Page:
Does this, sometimes successfully (so that we laugh, or are simply in awe

Of the language’s florabundance, or are even somehow moved to tears),

And sometimes unsuccessfully (so that we are so puzzled and bewildered

That we leave feeling hoodwinked and troubled.)  (And yet to say

That an Ashbery poem is “successful” or “unsuccessful” is difficult,

If only because, since the poetry is so radically different as to expand

Or alter our criteria for evaluating it, it also, at least in this historical moment,

Makes it very difficult to rule out any Ashbery poem as somehow less

Of an adventure, less of an exploration of imagination and feeling.       

Meaning, everything Picasso did should be of interest to someone

Obsessed with Picasso; I suppose the same is true for Ashbery.)

But look at the poem again.  Isn’t the poem simply and complexly

Describing its own self as it unfolds?  Doesn’t an Ashbery poem

“spew evocations”?  Isn’t his intent to show us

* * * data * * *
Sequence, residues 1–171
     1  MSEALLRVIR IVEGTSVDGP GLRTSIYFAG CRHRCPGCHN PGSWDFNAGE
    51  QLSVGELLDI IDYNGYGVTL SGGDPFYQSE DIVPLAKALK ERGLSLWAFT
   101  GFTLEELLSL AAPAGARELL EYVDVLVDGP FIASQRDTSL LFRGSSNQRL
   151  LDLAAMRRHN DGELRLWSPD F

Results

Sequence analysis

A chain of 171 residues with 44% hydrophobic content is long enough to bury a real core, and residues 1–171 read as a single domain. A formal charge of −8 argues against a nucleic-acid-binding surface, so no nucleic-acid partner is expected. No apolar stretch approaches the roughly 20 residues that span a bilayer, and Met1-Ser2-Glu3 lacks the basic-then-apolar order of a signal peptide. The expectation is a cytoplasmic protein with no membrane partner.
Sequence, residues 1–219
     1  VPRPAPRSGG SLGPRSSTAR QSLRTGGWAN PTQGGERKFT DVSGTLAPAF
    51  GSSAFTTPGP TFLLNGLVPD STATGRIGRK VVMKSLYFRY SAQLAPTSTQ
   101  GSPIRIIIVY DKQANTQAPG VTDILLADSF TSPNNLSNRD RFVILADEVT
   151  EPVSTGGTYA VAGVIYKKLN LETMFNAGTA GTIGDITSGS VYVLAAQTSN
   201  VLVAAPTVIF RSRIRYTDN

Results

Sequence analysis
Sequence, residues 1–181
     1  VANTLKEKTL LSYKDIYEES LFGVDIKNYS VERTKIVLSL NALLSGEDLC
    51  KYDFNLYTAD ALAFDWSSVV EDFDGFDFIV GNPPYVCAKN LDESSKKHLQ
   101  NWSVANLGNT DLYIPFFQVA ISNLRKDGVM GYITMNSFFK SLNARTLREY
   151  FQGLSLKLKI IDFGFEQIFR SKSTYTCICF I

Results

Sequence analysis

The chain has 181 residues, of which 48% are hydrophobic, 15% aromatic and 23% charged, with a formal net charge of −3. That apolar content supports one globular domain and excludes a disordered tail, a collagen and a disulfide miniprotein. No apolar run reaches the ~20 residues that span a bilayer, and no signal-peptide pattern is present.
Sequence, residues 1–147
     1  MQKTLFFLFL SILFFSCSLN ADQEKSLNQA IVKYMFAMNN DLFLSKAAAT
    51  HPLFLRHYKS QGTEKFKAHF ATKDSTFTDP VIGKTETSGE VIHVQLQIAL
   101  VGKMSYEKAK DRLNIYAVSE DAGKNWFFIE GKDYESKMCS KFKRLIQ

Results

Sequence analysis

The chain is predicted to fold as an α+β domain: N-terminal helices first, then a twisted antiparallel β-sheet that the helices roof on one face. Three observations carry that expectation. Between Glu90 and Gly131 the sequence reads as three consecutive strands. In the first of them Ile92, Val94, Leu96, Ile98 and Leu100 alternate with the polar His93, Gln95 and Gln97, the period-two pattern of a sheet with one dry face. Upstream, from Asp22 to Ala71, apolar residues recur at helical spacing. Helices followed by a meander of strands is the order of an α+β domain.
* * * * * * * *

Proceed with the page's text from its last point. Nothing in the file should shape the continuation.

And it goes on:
“A secret lavender place you weren’t supposed to look into”?

Indeed, so much of this poem, like any poem by Ashbery,

Is essentially further definitions of an aesthetic

That does not seem to have many conventional limits.

If we are to “make sense” of an Ashbery poem, perhaps

We need to bear this in mind – that each poem can be read,

Not as pure nonsense or pure imaginative reason,

But as further attempts from an entire person and personality

To understand the aesthetic that he has woven up to that point

Through further iterations of this aesthetic.

This is essentially calling attention, then, to questions about

How to live – for we are all engaged in the same project –

How to live – and, in every instant of our lives

We are forced to redefine our own aesthetic, our own brand of self-definition,

Our own self-image, our “way of living” and “way of thinking.”